Angels and ministers of grace defend us…

Fear My Fantasy Film, Folks!

It’s that time of year, again!

I wrote last year about the Fantasy Film League, in which you cast your own movie, and it makes money over the course of the year based on the box office performance of your actors and director’s real-world movies.

My movie for last year, “Bible Song,” ended the season around number 30, out of more than 200 movies competing.

The new season is about to start, and I’ve already entered my movie, “All The Queen’s Men.”

I’d love to have you play along.

First, go to the Fantasy Film League homepage and sign in to create your movie.

You’ll be given $70 million to cast your film with, and a price sheet of actors and directors.

Pick a combination six actors and a director whose films you think will make the most money in real life next year.

Then, join my “Movies In My Pocket” private league by using the code 0cd6e69b. That way you can compare results easily with this group, in addition to the entire league.

Let me know which movie you create, and good luck!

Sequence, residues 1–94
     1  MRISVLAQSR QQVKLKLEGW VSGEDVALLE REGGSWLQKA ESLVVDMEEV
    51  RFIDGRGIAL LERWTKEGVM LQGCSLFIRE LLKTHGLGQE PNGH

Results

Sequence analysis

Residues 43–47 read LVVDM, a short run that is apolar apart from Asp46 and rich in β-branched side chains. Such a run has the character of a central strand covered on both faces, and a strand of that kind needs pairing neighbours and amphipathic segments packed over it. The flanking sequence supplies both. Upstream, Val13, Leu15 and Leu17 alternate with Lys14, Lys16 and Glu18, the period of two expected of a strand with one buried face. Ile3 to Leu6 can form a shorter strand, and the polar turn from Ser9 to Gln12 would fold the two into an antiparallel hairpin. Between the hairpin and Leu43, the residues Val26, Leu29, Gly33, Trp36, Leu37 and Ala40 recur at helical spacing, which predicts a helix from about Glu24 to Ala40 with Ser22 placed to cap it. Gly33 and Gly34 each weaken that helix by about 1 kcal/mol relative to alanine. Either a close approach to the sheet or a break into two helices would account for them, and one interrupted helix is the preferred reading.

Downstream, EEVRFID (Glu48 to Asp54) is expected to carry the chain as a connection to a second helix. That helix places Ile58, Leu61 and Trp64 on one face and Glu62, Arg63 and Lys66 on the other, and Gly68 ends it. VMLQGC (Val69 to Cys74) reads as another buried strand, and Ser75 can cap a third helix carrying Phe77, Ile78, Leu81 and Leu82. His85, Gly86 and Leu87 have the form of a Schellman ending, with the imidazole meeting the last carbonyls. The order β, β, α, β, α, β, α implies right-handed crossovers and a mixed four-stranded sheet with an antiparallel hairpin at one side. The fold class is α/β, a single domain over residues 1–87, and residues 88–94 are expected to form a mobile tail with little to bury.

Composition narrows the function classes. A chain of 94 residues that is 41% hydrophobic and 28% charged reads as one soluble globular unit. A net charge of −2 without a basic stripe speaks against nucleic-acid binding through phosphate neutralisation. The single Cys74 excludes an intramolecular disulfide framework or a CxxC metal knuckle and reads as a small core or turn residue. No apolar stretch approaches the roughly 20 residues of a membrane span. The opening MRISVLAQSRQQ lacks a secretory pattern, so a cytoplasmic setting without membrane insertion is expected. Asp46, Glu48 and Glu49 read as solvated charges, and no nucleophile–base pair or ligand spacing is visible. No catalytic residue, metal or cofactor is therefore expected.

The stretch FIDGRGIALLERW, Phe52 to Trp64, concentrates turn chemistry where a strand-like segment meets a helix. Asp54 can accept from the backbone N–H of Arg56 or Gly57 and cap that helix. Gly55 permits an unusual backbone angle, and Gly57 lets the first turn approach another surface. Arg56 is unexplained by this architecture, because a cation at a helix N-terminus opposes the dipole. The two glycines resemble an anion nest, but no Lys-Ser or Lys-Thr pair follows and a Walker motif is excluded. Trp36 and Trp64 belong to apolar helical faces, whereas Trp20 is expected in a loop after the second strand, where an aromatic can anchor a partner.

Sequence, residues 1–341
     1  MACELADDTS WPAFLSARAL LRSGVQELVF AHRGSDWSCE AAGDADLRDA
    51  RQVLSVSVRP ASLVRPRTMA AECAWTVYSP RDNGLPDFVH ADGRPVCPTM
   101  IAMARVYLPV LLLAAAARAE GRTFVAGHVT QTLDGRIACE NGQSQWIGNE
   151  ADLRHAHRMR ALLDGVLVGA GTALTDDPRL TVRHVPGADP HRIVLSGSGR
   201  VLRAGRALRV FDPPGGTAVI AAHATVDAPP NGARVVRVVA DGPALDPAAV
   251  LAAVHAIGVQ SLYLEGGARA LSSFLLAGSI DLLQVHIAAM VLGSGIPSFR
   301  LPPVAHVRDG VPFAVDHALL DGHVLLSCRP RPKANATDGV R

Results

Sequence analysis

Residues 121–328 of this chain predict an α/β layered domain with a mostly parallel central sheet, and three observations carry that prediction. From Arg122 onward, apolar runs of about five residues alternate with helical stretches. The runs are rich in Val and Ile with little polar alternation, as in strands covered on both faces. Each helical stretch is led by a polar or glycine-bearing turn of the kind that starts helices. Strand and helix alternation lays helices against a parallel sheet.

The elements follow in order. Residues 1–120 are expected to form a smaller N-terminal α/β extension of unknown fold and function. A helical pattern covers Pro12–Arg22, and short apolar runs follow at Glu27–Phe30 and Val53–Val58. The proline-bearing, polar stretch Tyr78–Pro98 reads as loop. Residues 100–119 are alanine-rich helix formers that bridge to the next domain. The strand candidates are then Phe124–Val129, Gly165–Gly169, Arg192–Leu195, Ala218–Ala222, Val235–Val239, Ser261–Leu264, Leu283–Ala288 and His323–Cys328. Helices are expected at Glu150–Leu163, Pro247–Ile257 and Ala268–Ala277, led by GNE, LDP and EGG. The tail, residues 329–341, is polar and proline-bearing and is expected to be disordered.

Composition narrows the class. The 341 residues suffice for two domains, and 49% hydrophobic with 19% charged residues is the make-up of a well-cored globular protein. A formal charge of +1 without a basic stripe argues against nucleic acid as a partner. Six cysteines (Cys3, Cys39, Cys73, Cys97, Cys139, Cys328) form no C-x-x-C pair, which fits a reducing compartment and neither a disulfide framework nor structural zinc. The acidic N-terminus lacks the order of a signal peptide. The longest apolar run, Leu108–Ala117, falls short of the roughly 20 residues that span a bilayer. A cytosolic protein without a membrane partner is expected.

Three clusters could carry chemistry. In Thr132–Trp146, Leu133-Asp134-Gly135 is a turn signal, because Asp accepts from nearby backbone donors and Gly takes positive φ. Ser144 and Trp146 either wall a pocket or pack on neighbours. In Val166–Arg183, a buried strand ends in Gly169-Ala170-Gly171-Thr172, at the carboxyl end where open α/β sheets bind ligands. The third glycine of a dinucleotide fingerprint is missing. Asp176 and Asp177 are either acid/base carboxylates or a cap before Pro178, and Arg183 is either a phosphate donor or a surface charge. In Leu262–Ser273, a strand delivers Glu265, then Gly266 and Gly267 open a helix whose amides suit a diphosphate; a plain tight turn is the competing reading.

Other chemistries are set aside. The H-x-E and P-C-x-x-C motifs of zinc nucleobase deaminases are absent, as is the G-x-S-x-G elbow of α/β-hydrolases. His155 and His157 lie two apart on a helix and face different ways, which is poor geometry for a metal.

Kinda Review: “The Adjustment Bureau”

OK, so, first, I enjoyed watching The Adjustment Bureau.

The reviews I’ve seen have been mixed, though many of those have talked about finding the movie disappointing in comparison with its inspiration, the Philip K. Dick short story The Adjustment Team. I’ve not read the short story, so I can’t comment on how the two compare. I can only comment on it as an evening’s entertainment at the cinema.

And as an evening’s entertainment at the cinema, I found it agreeable. Matt Damon can be hit or miss for me, and was in fine form in this movie. Emily Blunt was not necessarily who I would have cast in her role, but the fact that I probably would have ended up with a more obvious choice for off-beat romantic interest like Zooey Deschanel or Maggie Gyllenhaal only means I’m less creative. And, oh, does I like me some Terrance Stamp.